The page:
Key to the arrangement has been the fact that Silverstone is owned and operated by the British Racing Drivers' Club (BRDC), which is an independent enterprise with no government backing.

BBC's Andrew Benson breaks down the numbers:

The current contract - signed at the end of a tedious few years of speculation and machinations concerning the future of the race - was for £12m in the first year, 2010. But it has a 5% annual escalator in it. So this year, the race is costing £16.9m. By 2019, it will be £18.6m, and by 2027, the final year of the deal if it were to run its course, £27.5m.

These numbers are massively less than some circuits are paying - for example, Bahrain pays at least $40m (£31m) a year; Russia $50m (£38.7m); Azerbaijan a reputed $75m (£58m).

But those races all have one thing in common - they are funded by authoritarian governments keen to promote their country to the world. Silverstone is a private members' club that has to run a viable business.

To undercharge, and even worse to renegotiate existing contracts, would leave the sport's new owners in a difficult spot and could lead to every race organiser insisting their fees to reduced. 

If not Silverstone, then where?

With Liberty Media and FOM looking to increase the number of races on the calendar, it's clear from the Silverstone deal that they'd rather create new events in destination cities rather than renegotiate ones that aren't working.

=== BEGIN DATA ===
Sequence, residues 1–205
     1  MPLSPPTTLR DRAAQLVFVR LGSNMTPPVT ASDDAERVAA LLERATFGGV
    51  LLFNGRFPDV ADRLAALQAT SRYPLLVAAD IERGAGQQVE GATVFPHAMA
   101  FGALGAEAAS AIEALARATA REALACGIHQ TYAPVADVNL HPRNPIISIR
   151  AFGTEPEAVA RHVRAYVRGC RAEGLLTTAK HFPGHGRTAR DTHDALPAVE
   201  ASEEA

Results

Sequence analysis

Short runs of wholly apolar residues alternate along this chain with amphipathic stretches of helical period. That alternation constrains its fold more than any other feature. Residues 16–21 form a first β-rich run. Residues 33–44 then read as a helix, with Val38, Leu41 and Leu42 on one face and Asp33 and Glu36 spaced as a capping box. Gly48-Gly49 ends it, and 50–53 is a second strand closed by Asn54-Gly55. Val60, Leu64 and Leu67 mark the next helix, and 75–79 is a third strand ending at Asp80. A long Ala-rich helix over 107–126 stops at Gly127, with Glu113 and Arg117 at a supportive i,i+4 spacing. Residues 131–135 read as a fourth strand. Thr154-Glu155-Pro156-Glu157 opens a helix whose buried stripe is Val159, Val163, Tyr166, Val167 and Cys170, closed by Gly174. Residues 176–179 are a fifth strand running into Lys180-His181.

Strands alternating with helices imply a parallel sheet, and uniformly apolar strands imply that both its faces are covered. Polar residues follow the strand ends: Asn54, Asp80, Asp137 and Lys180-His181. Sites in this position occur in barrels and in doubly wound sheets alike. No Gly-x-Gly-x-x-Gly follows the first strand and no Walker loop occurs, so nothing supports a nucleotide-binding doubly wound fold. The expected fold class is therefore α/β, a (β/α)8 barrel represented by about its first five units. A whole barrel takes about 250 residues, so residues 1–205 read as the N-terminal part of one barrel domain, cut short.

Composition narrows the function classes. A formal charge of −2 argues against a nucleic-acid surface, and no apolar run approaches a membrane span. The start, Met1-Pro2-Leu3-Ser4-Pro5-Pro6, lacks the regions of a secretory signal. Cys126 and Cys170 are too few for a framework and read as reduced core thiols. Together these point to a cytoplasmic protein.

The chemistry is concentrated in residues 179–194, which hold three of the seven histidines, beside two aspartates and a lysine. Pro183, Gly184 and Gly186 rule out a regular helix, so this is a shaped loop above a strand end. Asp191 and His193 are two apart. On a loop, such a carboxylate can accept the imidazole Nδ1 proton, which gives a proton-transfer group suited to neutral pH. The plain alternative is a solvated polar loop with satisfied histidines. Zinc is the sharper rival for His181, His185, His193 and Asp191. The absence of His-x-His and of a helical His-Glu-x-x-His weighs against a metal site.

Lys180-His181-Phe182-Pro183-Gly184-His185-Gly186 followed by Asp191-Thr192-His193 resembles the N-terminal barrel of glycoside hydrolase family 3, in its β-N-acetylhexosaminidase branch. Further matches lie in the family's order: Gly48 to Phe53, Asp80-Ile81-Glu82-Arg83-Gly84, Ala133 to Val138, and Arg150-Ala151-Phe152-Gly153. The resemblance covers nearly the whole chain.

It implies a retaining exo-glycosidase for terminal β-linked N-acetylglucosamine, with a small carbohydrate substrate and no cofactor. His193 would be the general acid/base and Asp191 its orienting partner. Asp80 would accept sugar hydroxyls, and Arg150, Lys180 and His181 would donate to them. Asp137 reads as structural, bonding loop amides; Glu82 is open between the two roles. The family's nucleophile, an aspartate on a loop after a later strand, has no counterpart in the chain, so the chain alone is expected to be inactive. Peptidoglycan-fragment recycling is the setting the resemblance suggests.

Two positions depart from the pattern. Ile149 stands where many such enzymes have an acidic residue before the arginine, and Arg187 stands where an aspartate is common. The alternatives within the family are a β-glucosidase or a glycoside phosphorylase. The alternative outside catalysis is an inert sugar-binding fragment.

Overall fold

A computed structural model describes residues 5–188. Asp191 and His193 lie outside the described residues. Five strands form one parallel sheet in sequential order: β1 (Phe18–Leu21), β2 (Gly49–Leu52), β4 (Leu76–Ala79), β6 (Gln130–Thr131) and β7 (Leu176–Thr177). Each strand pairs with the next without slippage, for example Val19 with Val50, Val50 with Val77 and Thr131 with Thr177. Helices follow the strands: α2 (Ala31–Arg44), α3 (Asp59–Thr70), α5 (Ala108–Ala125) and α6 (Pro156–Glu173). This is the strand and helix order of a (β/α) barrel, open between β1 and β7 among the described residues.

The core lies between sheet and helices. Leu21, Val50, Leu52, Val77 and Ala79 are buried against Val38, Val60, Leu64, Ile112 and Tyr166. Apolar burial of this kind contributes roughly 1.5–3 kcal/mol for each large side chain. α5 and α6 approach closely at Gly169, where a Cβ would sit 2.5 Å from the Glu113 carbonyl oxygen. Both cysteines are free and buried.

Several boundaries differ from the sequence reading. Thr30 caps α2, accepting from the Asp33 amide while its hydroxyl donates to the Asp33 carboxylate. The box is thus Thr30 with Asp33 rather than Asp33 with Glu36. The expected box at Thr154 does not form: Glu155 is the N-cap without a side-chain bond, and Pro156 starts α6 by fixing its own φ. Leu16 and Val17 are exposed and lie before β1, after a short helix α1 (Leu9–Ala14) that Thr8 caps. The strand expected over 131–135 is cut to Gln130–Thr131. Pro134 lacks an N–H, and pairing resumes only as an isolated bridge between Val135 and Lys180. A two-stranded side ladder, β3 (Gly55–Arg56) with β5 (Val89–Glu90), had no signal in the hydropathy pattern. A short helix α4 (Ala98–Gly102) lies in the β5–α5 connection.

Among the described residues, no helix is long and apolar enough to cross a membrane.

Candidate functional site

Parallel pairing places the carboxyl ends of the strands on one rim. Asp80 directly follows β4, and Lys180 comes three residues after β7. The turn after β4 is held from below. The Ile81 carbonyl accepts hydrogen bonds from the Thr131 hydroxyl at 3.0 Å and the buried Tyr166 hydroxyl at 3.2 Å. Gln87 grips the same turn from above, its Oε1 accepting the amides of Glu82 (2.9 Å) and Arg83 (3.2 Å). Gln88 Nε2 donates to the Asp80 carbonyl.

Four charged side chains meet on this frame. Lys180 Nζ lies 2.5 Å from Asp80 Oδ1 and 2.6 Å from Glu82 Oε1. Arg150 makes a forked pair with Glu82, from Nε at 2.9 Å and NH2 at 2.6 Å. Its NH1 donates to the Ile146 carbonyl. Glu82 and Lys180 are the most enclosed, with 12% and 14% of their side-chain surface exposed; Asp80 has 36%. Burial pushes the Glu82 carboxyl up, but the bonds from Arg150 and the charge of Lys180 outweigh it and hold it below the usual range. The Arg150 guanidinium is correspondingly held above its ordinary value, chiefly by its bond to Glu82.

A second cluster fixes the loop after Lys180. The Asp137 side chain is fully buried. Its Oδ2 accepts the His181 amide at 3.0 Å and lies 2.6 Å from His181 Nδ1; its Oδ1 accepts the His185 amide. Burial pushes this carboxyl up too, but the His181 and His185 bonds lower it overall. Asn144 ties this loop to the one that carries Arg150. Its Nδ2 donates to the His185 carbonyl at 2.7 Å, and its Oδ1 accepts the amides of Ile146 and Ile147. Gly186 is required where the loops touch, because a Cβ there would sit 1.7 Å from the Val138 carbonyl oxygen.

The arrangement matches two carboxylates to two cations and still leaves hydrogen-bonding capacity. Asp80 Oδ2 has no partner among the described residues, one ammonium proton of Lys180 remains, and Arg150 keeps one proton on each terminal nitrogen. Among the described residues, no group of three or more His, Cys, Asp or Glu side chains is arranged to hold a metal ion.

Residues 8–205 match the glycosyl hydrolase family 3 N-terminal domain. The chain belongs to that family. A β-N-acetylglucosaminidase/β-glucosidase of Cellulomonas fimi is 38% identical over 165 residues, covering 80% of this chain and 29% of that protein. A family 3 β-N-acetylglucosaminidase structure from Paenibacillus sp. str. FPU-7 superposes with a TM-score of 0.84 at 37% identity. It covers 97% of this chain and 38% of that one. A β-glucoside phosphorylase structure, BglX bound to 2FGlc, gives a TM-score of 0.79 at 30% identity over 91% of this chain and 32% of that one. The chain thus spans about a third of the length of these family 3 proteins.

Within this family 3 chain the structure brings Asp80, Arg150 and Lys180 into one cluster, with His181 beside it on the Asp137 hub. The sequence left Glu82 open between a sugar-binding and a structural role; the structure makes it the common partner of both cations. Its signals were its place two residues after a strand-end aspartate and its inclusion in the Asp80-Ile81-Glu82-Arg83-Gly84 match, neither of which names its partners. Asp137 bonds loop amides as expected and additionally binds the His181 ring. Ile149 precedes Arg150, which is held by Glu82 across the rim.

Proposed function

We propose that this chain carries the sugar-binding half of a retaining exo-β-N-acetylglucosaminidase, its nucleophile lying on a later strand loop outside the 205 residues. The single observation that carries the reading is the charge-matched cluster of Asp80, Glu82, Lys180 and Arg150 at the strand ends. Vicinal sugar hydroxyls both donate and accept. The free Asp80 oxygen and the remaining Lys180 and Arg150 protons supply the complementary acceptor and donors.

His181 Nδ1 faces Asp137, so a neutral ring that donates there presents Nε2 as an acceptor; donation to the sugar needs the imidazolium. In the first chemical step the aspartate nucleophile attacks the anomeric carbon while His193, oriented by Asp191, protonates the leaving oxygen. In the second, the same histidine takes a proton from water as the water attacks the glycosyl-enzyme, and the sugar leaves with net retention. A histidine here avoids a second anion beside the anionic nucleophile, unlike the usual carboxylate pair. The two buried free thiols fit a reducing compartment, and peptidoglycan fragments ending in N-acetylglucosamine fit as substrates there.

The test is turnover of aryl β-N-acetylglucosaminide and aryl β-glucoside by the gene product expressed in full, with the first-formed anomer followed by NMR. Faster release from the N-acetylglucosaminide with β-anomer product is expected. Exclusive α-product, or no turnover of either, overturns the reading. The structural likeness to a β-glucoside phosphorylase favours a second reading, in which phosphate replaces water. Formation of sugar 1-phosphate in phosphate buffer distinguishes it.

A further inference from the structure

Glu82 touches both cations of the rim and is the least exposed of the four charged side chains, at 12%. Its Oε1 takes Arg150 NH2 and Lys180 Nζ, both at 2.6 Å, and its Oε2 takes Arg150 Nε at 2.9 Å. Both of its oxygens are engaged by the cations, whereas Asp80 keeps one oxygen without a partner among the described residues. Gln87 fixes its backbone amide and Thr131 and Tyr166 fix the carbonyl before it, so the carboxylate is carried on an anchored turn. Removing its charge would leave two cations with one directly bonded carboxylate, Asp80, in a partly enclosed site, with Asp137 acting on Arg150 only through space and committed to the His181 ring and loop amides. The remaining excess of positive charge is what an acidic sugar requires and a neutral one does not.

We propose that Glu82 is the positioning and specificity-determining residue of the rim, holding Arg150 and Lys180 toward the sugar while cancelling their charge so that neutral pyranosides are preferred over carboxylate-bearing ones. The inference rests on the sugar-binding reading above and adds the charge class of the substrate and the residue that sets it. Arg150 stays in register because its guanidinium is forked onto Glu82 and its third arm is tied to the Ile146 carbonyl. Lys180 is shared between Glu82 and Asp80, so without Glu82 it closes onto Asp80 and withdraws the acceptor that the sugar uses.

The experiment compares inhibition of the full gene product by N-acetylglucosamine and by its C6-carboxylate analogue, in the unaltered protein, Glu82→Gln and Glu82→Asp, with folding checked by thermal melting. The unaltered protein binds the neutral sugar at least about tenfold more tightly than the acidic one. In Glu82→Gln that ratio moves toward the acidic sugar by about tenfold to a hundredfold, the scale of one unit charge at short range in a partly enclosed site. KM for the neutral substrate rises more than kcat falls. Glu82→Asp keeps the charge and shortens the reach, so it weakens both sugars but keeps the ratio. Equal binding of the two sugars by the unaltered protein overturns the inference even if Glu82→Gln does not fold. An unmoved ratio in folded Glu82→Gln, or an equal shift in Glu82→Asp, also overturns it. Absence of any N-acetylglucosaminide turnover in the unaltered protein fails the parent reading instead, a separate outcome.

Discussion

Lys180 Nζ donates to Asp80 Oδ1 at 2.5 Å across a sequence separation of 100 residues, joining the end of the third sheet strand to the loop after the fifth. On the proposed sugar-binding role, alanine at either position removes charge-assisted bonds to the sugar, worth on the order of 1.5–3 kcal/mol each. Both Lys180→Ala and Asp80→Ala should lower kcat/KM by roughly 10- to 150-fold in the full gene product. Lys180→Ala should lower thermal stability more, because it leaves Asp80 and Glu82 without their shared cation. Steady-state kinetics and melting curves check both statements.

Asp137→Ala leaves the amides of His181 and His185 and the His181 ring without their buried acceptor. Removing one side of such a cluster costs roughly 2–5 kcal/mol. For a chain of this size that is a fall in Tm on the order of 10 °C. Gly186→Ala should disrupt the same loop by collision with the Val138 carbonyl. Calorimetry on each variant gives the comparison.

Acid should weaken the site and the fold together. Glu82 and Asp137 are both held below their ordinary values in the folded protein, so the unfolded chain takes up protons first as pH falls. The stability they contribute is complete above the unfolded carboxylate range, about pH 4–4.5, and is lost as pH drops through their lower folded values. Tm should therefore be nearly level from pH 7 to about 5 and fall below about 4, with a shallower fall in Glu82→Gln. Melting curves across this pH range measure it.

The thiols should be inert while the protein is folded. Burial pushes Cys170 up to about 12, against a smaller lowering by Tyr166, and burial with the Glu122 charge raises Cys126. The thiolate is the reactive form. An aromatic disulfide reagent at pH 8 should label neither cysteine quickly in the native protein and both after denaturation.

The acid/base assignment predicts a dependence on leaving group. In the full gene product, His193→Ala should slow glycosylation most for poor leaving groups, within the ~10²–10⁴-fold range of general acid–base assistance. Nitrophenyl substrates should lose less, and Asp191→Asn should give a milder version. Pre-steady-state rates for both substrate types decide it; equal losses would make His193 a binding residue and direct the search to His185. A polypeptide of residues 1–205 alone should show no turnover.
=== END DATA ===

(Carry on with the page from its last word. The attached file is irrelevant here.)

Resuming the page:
Having indicated that they'd prefer more street circuits, London becomes the obvious substitute for a British Grand Prix. This comes with it's own challenges, but if Formula E can do it, why not F1?

Alternate locations in the UK include former GP circuit Brands Hatch which shared the British Grand Prix with Silverstone in alternating years through the 60s, 70s and into the 80s before Silverstone became the permanent home of the race in 1987. It seems though that they are not equipped, nor can they afford to host an F1 race either.

Whatever the outcome, Liberty Media certainly want a race in Britain to maintain their core fanbase. Although the BRDC are desperate for the race to continue at Silverstone, they can't continue if the costs lead them to ruin. 

Will FOM take control of the British GP themselves?

Short-term relief could come from FOM directly, with an offer on the table to take over running of the race at Silverstone for five years to keep it running while a solution is found.

From Alan Baldwin writing for Reuters:

A source close to the commercial rights holder said Formula One Management had offered to take over the race for five years, absorbing annual losses of between two and three million pounds ($2.5-$3.8 million).

The offer, and another to delay the deadline to the end of the month to allow more time for negotiation, had proved insufficient.

Perhaps BRDC are playing hardball with the new owners now rather than taking long-term pain. Even if they get a reprieve until 2026, it would be left with an event that will cost up to £26 million by the end of their contract, far beyond their means.